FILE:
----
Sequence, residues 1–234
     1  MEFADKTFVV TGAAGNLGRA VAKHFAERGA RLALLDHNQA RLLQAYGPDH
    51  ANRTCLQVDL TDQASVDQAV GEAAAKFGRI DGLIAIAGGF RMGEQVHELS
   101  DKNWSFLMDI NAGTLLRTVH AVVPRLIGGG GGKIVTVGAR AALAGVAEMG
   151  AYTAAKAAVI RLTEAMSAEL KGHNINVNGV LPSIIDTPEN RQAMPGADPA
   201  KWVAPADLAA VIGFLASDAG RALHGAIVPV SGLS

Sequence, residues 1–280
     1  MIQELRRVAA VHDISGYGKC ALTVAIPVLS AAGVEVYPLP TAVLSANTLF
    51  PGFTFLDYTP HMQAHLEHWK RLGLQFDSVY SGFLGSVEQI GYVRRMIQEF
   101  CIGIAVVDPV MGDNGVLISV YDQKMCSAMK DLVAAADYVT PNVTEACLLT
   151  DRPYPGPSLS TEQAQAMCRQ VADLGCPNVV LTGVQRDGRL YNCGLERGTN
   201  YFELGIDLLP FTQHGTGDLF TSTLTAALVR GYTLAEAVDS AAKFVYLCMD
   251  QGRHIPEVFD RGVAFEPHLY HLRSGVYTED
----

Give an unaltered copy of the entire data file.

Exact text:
Sequence, residues 1–234
     1  MEFADKTFVV TGAAGNLGRA VAKHFAERGA RLALLDHNQA RLLQAYGPDH
    51  ANRTCLQVDL TDQASVDQAV GEAAAKFGRI DGLIAIAGGF RMGEQVHELS
   101  DKNWSFLMDI NAGTLLRTVH AVVPRLIGGG GGKIVTVGAR AALAGVAEMG
   151  AYTAAKAAVI RLTEAMSAEL KGHNINVNGV LPSIIDTPEN RQAMPGADPA
   201  KWVAPADLAA VIGFLASDAG RALHGAIVPV SGLS

Sequence, residues 1–280
     1  MIQELRRVAA VHDISGYGKC ALTVAIPVLS AAGVEVYPLP TAVLSANTLF
    51  PGFTFLDYTP HMQAHLEHWK RLGLQFDSVY SGFLGSVEQI GYVRRMIQEF
   101  CIGIAVVDPV MGDNGVLISV YDQKMCSAMK DLVAAADYVT PNVTEACLLT
   151  DRPYPGPSLS TEQAQAMCRQ VADLGCPNVV LTGVQRDGRL YNCGLERGTN
   201  YFELGIDLLP FTQHGTGDLF TSTLTAALVR GYTLAEAVDS AAKFVYLCMD
   251  QGRHIPEVFD RGVAFEPHLY HLRSGVYTED